Apple and Samsung have been duking it out in courtrooms across several countries. This multijurisdictional legal battle all center on Apple’s claims that Samsung violated its smartphone and tablet patents and trademarks. Samsung, for its part, has countersued Apple claiming that Apple infringed on its intellectual property rights.
No less than the CEOs of these two technology giants, Apple’s Tim Cook and Samsung’s Gee-Sung Choi are expected to confer in San Francisco to try and hammer out their dispute. Keep in mind that this tete-a-tete is not a voluntary meeting-it was ordered by the federal district judge handling their lawsuits, Lucy Koh.
The negotiation sessions are not random free for all events. Don’t expect any Donald Trump “Art of the Deal” type shenanigans. Instead, the court has assigned a referee, Magistrate Judge Joseph C. Spero, to preside over the negotiations. The stakes could not be any higher-both companies have 47 current lawsuits in nine other countries. Consumers should also pay attention because, depending on how the cases go, their selection of tablet computers and smart phones, in addition to the price ranges they pay, might be impacted by case’s outcome.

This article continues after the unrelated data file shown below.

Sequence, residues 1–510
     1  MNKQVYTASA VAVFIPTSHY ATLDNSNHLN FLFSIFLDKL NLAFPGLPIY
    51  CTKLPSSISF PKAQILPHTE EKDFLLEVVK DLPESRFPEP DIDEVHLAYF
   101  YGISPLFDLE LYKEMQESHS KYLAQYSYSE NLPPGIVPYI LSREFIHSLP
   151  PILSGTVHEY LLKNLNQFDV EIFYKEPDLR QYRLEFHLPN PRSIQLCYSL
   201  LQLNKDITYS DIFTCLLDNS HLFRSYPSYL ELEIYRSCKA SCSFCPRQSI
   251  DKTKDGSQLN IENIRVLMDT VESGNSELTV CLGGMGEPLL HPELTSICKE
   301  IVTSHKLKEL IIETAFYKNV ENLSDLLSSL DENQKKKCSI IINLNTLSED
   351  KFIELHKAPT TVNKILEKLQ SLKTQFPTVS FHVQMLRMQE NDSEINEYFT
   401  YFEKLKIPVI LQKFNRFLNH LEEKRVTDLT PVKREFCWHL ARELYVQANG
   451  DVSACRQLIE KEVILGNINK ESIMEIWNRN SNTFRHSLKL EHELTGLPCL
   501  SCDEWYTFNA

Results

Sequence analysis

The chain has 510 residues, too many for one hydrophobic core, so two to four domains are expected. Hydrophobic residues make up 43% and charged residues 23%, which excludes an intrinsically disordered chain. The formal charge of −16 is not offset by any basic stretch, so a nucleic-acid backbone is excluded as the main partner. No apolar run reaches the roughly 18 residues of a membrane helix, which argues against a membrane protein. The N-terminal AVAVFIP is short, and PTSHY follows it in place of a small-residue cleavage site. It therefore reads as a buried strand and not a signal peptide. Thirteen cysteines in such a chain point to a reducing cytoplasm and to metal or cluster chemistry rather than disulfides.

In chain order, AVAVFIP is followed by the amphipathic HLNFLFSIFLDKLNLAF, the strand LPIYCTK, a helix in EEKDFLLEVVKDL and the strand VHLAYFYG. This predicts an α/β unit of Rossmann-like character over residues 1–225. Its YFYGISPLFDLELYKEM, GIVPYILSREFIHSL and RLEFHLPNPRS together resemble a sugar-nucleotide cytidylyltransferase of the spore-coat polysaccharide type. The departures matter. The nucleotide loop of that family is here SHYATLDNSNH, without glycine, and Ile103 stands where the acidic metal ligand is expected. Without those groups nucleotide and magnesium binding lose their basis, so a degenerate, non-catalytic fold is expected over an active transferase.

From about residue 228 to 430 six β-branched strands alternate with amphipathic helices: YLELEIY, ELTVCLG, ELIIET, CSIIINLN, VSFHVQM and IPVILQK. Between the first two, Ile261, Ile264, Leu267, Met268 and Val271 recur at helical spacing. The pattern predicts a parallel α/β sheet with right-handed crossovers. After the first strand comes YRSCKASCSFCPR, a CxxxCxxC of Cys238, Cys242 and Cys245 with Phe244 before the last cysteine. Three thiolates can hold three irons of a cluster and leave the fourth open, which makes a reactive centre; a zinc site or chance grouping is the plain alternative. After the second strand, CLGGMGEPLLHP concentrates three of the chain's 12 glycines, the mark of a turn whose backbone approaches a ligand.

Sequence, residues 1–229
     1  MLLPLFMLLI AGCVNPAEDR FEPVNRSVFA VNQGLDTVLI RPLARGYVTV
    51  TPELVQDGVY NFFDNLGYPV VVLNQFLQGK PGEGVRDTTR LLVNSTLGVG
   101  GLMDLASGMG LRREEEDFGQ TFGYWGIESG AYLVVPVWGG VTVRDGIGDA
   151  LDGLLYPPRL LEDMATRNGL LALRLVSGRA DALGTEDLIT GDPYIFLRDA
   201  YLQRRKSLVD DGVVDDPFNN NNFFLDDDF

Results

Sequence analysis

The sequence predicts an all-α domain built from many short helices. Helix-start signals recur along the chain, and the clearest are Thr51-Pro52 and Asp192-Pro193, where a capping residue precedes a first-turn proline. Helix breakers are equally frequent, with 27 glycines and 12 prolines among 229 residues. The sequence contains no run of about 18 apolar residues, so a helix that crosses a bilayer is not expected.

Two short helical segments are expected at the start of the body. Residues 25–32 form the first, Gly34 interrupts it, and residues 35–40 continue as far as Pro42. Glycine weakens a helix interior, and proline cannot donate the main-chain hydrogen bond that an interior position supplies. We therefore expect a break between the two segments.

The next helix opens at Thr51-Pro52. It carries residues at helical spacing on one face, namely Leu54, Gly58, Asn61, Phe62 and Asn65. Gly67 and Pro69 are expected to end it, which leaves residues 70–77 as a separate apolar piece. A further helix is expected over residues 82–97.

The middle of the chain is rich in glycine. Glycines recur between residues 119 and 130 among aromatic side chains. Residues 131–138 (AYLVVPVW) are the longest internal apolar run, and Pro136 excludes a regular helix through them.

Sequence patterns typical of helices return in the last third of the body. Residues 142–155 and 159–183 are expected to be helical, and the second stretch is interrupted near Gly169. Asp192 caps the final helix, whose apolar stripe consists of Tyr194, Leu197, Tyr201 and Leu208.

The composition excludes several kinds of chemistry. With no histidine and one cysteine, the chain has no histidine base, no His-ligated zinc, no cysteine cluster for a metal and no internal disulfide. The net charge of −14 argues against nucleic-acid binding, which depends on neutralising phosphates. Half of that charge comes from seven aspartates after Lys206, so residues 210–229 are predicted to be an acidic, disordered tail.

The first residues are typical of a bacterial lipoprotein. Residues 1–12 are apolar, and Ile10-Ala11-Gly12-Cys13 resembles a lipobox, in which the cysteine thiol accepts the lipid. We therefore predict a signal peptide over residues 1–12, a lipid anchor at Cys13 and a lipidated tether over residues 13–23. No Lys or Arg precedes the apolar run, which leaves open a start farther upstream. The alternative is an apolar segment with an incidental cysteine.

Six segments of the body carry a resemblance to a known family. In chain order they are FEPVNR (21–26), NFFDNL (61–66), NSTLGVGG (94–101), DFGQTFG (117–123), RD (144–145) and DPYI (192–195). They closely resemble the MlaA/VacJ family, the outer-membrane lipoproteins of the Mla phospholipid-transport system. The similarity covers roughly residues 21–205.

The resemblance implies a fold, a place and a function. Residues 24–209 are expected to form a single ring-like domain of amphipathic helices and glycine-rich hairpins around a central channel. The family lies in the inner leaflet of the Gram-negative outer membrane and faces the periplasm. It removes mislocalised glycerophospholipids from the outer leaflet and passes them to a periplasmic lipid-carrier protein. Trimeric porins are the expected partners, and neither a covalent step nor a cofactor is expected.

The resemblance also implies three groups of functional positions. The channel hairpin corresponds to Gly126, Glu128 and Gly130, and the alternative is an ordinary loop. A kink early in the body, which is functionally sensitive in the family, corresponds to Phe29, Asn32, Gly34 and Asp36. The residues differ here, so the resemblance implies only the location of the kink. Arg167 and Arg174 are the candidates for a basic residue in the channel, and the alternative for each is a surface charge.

Still, the track record of such court-ordered settlement negotiations has been mixed. Take the case of another high profile trial pitting two technology giants, Oracle vs Google. In that court-mandated settlement negotiation, both sides failed to come to a settlement and the case progressed to trial. Still, the Samsung-Apple dispute might have a different fate than the Oracle-Google litigation. Apple has already made efforts to settle with Samsung. No other than Apple’s legendary former CEO Steve Jobs reached out to Samsung in 2010 to try and settle their intellectual property disputes. Moreover, Samsung is a key supplier to Apple. This relationship stands in stark contract to Google and Oracle who are more direct competitors. Considering their symbiotic/joined-at-the-hip relationship, it is crucial for both parties to come to an agreement. Finally, instead of the court-ordered settlement talks being viewed as merely an annoying formality until a legal showdown in trial court, the settlement talks might afford both sides a face-saving opportunity.